All of this, de Botton admits, can “seem perilous and dispiriting,” and yet can also ennoble us when we consider that the private agonies we think belong to us alone are “fundamental features of the human condition.” We can dispense with the trivializing idea, propagated by advertisers and self-help gurus, that “intelligent choice might be possible and untragic… that perfection is within reach.” Yet de Botton himself presents Existentialist thought as a kind of self-help program, one that helps us with regret, since we realize that everyone bears the burdens of choice, mortality, and contingency, not just us.

However, in most so-called Existentialist philosophers, we also discover another pressing problem. Once we become untethered from pleasing fictions of pre-existing realities, “worlds-behind-the-scene,” as Nietzsche put it, or “being-behind-the-appearance,” in Sartre’s words, we no longer see a benevolent hand arranging things neatly, nor have absolute order, meaning, or purpose to appeal to.

We must confront that fact that we, and no one else, bear responsibility for our choices, even though we make them blindly. It’s not a comforting thought, hence the “crisis.” But many of us resolve these moments of shock with varying degrees of wisdom and experience. As we know from another great thinker, Eleanor Roosevelt, who was not an Existentialist philosopher, “Freedom makes a huge requirement of every human being…. For the person who is unwilling to grow up… this is a frightening prospect.”

The 10 Greatest Books Ever, According to 125 Top Authors (Download Them for Free)

ak cover 2

Earlier this month, we highlighted The 10 Greatest Films of All Time According to 846 Film Critics. Featuring films by Hitchcock, Kubrick, Welles and Fellini, this master list came together in 2012 when Sight & Sound (the cinema journal of the British Film Institute) asked contemporary critics and directors to name their 12 favorite movies. Nearly 900 cinephiles responded, and, from those submissions, a meta list of 10 was culled.

So how about something similar for books, you ask? For that, we can look back to 2007, when J. Peder Zane, the book editor of the Raleigh News & Observer, asked 125 top writers to name their favorite books — writers like Norman Mailer, Annie Proulx, Stephen King, Jonathan Franzen, Claire Messud, and Michael Chabon. The lists were all compiled in an edited collection, The Top Ten: Writers Pick Their Favorite Books, and then prefaced by one uber list, “The Top Top Ten.”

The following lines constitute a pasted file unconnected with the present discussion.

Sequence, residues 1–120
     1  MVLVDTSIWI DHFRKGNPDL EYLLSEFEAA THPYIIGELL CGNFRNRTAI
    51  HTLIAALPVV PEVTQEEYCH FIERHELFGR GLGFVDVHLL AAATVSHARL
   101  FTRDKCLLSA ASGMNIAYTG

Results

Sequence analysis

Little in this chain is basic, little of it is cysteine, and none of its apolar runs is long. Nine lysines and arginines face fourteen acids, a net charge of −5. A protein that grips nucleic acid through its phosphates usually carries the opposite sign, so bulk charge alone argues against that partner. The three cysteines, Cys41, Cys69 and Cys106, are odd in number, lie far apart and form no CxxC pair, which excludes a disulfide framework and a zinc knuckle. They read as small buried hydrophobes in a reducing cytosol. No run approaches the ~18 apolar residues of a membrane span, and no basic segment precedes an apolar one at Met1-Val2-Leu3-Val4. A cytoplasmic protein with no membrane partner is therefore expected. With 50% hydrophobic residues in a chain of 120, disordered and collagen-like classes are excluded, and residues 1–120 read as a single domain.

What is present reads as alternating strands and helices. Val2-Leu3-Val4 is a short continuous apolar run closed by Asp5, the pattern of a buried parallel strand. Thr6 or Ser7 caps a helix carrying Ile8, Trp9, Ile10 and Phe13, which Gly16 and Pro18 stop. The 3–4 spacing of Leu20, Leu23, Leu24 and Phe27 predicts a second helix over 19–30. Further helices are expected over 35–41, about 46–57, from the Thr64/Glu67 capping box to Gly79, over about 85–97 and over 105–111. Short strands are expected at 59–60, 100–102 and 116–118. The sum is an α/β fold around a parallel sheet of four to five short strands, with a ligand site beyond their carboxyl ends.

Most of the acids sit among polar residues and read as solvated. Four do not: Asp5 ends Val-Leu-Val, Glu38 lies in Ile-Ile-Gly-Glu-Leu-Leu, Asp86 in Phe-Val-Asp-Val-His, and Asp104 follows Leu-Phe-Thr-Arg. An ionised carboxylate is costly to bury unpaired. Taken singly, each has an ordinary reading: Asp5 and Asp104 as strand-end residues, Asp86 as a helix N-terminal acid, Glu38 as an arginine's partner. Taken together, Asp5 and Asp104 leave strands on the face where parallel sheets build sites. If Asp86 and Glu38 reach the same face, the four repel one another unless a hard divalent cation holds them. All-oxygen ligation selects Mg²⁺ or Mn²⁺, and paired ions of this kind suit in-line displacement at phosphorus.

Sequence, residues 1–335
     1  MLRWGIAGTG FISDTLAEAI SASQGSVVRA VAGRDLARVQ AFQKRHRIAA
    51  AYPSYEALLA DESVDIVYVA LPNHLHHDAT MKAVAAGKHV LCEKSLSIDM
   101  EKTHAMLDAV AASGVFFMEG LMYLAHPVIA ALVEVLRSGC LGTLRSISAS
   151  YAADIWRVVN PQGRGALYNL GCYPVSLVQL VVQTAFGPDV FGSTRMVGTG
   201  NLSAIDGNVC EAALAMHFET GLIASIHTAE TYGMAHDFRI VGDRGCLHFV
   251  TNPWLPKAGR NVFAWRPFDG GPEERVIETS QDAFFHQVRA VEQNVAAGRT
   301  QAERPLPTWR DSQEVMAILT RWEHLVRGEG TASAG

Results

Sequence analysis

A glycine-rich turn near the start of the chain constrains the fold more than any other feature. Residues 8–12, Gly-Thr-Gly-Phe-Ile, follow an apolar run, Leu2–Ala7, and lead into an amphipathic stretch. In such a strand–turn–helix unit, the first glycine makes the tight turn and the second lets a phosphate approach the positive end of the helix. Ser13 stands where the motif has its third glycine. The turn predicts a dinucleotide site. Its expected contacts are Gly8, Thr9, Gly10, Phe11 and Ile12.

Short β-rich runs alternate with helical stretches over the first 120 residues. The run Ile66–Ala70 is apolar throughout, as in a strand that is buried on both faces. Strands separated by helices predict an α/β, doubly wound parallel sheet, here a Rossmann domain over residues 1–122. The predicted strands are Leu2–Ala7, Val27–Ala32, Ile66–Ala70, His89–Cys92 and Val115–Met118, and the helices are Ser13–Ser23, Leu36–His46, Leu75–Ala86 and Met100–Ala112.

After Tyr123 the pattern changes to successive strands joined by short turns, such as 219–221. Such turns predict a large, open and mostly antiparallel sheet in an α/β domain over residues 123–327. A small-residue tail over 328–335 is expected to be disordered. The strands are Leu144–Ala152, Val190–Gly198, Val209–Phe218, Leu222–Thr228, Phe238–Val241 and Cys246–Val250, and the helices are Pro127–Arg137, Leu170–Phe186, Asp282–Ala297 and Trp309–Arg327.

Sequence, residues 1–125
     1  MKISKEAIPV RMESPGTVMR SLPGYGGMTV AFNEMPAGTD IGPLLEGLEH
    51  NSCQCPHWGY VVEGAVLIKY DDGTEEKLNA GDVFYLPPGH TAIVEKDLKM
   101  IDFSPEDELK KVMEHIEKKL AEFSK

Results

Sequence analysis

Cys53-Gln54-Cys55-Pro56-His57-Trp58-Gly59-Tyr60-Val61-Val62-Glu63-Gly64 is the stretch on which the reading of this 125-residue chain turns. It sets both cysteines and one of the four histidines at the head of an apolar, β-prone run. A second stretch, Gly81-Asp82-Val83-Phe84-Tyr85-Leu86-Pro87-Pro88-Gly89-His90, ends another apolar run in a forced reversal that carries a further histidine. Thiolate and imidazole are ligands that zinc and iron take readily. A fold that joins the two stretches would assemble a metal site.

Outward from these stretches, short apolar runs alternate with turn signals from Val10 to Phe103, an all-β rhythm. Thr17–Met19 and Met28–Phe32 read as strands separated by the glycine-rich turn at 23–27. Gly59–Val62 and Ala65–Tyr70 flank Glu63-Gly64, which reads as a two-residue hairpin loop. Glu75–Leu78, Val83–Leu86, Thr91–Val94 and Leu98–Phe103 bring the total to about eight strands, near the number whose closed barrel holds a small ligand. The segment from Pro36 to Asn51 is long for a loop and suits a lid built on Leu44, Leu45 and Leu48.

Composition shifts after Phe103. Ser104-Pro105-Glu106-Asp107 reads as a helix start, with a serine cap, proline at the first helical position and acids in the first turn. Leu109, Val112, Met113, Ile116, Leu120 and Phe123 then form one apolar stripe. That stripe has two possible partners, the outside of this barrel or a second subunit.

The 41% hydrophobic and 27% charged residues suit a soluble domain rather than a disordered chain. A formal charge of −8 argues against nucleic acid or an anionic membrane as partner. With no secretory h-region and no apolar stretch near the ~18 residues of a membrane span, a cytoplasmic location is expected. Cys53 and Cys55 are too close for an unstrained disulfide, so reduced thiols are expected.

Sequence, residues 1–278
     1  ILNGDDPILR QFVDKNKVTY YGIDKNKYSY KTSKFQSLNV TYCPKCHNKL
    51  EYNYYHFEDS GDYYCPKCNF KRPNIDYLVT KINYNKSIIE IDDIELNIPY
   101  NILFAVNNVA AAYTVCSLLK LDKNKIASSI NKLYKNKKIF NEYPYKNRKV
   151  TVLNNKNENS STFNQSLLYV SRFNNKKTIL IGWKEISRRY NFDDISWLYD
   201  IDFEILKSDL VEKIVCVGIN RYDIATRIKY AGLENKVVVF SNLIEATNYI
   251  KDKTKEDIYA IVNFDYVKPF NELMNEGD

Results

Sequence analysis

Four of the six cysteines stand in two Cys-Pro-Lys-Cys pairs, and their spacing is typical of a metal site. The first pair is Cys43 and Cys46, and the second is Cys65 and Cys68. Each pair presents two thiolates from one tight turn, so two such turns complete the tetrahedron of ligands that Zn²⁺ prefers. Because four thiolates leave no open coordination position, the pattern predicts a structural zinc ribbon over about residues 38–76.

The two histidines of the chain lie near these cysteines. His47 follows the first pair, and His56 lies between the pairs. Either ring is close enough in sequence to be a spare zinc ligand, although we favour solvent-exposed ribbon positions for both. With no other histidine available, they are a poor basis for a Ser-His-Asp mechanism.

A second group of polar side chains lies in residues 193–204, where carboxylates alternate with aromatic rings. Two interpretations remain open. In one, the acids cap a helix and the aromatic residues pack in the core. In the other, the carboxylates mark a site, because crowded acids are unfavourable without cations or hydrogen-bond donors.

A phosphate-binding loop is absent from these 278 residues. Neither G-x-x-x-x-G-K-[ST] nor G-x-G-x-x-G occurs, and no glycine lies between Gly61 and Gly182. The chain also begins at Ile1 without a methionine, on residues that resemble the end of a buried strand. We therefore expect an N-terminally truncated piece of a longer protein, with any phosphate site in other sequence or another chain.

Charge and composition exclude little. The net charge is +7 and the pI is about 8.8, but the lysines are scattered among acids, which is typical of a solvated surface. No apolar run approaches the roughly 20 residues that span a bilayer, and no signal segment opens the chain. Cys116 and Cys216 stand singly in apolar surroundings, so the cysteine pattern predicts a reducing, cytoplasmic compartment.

Zane explained the methodology behind the uber list as follows: “The participants could pick any work, by any writer, by any time period…. After awarding ten points to each first-place pick, nine to second-place picks, and so on, the results were tabulated to create the Top Top Ten List – the very best of the best.”

The short list appears below, along with links to electronic versions of the works. There’s one notable exception, Vladimir Nabokov’s Lolita. We couldn’t provide that text, but we do have something special — an audio recording of Nabokov reading a chapter from his controversial 1955 novel.

1. Anna Karenina, by Leo Tolstoy

iPad/iPhone – Kindle + Other Formats – Read Online

2. Madame Bovary, by Gustave Flaubert

3. War and Peace, by Leo Tolstoy

4. Lolita, by Vladimir Nabokov

5. The Adventures of Huckleberry Finn, by Mark Twain

6. Hamlet, by William Shakespeare

7. The Great Gatsby, by F. Scott Fitzgerald

8. In Search of Lost Time, by Marcel Proust

9. The Stories of Anton Chekhov

10. Middlemarch, by George Eliot